Way back in 2009, we took a look at Tanner – an EDA company marching to its own beat. They always seemed – and continue to seem – apart from the pack. We talk about the Big 3 in EDA – Synopsys, Cadence, and Mentor – and lots of little startups. Back then, there were a few other medium-sized companies – Springsoft, Atrenta, Apache and others – but many of those have been acquired, clearing out a space around the giants in the way Jupiter has cleared its orbit.
The story we had back then was about how Tanner seemed to work differently. It was like Apple when Apple was the creative oddball. The fact that their chip design focus was analog kept them out of the maelstrom that is the fight to forever push out the “CMOS is dead” predictions of the 90s (or whenever it was they started).
Tanner has continued to do its own thing all along, free of the burdens of ravenous shareholders, not afraid to embrace Windows as a productive platform, and catering to a loyal customer base. But that may be changing: they are becoming a part of Mentor Graphics. How much will change isn’t yet clear.
When you have a small(ish) company that’s been able to resist the not-always-useful pushes and pulls of stampeding crowds and stand its ground, you immediately have to wonder what’s going to happen once they become part of something more mainstream. Will their raised nail get hammered down to where the others are? Many acquiring companies are famous for imposing culture shock on new acquirees. Is that likely to happen here?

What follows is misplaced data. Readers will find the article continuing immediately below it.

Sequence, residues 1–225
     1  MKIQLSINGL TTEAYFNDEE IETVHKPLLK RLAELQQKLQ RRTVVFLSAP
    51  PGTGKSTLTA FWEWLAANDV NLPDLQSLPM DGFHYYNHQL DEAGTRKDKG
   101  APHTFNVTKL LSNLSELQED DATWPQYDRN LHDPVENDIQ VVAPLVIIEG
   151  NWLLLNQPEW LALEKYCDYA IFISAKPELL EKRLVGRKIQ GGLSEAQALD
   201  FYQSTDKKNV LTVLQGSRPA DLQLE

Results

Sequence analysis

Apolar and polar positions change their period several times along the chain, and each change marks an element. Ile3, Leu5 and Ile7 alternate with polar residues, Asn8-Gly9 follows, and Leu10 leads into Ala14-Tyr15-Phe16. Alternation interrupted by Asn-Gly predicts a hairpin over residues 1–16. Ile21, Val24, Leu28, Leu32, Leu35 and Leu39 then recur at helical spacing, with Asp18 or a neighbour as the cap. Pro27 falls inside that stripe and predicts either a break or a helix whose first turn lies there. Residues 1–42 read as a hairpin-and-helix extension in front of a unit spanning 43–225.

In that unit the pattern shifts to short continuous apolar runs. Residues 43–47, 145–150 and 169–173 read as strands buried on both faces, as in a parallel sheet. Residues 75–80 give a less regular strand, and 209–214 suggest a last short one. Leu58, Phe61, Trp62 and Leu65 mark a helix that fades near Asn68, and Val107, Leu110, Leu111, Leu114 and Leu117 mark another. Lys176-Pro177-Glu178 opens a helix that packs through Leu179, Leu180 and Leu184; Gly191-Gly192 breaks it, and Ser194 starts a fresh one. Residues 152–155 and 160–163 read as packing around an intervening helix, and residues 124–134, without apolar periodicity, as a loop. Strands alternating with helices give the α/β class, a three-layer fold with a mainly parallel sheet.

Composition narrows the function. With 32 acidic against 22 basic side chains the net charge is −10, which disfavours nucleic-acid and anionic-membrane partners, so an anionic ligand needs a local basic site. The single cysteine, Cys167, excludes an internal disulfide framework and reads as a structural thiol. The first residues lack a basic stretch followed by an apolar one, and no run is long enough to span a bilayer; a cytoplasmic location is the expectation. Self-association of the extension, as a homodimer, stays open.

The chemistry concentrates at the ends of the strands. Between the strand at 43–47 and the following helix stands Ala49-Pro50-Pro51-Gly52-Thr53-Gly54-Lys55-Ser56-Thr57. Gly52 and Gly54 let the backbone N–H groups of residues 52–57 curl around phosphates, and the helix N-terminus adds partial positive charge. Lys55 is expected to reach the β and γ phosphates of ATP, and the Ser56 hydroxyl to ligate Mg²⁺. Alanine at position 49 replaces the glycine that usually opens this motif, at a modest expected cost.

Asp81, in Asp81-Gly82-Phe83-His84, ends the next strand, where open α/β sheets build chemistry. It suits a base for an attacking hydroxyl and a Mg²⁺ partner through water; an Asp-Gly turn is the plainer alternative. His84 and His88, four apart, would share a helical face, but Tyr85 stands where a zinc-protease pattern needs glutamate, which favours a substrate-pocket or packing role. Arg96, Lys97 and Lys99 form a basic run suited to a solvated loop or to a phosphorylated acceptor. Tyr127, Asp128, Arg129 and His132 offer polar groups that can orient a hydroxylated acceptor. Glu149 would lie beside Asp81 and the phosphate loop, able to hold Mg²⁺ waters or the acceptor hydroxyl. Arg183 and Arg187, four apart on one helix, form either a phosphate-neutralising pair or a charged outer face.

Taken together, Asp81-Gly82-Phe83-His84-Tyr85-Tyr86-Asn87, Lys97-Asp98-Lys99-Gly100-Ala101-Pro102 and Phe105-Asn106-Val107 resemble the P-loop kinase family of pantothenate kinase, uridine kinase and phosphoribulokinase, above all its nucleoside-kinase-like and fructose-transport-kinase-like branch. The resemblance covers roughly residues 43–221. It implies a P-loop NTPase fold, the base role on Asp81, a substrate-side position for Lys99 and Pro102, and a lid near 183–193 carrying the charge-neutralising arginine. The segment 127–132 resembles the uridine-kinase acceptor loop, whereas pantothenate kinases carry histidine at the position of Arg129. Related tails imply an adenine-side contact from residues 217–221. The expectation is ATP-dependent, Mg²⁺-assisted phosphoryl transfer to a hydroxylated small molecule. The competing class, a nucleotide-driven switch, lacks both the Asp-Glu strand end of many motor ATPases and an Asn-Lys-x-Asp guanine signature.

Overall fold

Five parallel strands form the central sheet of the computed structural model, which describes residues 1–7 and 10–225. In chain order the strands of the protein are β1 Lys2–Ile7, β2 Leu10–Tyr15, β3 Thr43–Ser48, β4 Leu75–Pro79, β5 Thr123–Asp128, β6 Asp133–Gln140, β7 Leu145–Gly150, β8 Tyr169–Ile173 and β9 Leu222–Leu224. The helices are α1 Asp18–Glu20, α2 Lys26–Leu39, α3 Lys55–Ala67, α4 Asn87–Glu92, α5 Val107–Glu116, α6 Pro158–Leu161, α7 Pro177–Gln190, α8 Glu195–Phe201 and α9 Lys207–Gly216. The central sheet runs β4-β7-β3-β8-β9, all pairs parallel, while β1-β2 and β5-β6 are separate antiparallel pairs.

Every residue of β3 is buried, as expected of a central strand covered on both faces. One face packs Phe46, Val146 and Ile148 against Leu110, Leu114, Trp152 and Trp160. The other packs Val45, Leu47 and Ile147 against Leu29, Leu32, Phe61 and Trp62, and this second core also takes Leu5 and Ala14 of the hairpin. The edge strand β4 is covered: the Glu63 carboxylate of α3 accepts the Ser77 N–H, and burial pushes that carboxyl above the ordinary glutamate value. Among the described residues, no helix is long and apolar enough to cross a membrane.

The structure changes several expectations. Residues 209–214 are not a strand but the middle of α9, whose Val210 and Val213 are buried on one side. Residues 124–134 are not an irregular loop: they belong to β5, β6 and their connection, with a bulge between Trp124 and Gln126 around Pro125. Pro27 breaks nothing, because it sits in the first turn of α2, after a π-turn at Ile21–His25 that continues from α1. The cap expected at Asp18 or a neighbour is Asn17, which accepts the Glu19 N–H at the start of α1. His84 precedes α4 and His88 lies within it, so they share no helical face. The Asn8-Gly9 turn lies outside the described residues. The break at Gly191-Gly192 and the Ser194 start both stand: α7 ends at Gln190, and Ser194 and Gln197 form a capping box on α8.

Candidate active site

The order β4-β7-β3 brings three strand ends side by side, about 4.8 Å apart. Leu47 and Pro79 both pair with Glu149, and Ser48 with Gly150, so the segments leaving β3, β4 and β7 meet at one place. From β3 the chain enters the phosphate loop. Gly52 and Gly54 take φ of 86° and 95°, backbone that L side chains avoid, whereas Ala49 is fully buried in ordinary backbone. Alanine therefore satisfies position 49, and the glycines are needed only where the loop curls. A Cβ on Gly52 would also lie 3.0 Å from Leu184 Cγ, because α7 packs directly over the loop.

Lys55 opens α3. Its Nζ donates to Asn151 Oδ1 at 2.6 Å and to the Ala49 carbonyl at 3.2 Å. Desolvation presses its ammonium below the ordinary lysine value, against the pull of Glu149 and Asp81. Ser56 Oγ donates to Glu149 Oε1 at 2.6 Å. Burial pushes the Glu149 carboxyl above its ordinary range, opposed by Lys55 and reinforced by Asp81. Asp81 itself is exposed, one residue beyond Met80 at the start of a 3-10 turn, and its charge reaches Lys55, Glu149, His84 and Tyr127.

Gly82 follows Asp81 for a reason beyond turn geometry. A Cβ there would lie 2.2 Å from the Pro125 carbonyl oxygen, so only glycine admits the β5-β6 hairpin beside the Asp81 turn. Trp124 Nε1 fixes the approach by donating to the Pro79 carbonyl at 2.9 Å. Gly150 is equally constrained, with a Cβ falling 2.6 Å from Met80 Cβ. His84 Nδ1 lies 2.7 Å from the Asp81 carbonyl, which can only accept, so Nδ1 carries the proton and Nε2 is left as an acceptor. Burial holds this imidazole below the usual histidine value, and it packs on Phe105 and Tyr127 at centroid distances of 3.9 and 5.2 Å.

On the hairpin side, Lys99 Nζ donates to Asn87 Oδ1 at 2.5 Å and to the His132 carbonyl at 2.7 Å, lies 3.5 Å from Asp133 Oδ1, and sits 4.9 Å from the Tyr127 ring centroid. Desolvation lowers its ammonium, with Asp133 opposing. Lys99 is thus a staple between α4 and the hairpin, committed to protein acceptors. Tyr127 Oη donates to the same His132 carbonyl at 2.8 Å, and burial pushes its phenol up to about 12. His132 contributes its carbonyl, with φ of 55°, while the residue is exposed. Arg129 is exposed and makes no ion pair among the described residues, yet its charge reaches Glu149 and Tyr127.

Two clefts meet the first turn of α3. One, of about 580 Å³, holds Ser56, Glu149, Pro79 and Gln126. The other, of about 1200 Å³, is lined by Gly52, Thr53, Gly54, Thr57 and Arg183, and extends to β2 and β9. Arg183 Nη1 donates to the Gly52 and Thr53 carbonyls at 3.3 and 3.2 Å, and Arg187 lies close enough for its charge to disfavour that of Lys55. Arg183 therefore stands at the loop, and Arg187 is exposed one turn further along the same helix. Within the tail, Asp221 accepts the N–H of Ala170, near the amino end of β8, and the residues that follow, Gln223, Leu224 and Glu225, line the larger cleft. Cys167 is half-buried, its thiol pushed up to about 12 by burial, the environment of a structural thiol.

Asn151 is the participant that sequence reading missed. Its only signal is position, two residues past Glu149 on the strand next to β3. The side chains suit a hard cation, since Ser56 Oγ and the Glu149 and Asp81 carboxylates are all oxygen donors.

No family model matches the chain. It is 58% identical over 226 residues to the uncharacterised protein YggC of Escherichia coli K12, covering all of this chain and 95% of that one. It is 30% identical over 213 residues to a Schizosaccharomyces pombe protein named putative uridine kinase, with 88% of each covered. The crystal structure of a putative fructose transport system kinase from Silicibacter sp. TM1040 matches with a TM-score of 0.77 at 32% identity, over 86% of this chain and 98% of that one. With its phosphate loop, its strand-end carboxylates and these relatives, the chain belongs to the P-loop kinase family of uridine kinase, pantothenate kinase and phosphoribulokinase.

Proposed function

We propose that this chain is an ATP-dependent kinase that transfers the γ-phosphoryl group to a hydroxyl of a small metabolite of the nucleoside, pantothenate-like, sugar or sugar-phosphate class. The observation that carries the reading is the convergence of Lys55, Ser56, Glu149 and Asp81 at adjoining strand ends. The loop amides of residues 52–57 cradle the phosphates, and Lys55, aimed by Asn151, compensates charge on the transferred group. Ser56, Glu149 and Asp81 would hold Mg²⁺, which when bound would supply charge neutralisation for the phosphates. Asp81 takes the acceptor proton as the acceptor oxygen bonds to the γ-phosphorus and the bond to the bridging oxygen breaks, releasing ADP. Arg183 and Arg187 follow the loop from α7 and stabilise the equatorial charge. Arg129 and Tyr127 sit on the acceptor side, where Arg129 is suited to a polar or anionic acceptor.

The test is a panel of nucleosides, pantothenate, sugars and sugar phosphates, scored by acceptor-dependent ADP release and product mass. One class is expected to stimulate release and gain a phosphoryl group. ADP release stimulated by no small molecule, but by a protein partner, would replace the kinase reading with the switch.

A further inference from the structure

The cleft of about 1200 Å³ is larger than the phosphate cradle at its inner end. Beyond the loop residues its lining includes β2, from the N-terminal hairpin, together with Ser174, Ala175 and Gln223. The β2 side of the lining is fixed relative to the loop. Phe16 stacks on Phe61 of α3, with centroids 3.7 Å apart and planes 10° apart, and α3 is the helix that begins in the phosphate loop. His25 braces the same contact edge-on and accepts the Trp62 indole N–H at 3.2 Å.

I posed that question to Mentor, and Robert Hum responded, saying that, “Mentor Graphics understands that Tanner EDA is unique, due both to its products and its culture. It is our intent to preserve and amplify this uniqueness so that we continue to serve customers who appreciate the unique capabilities and customer experience that Tanner EDA tools offer. The way we organize will reflect this intent.”
If that plays out, it will likely be good news for Tanner loyalists (and even employees).
There’s one other subtle aspect to this acquisition: Mentor will now be the only one of the Big 3 to have a MEMS design capability. Most MEMS design is done using either Coventor or Tanner tools (with SoftMEMS helping with the modeling). I remember asking Aart de Geus a couple years ago whether Synopsys planned to get involved with MEMS, and he sort of brushed it off as not being a big enough market to be interesting.
It’s not clear how important MEMS will be to Mentor. Their press release clearly shows a focus on the analog/mixed signal (AMS) aspect of the business. On the other hand, Mentor has a wider range of offerings than their behemoth brethren, like their FloTHERM product line, mechanical analysis, and embedded design. So MEMS might be a good fit.
We’ll have to see how it all settles out in a year or so.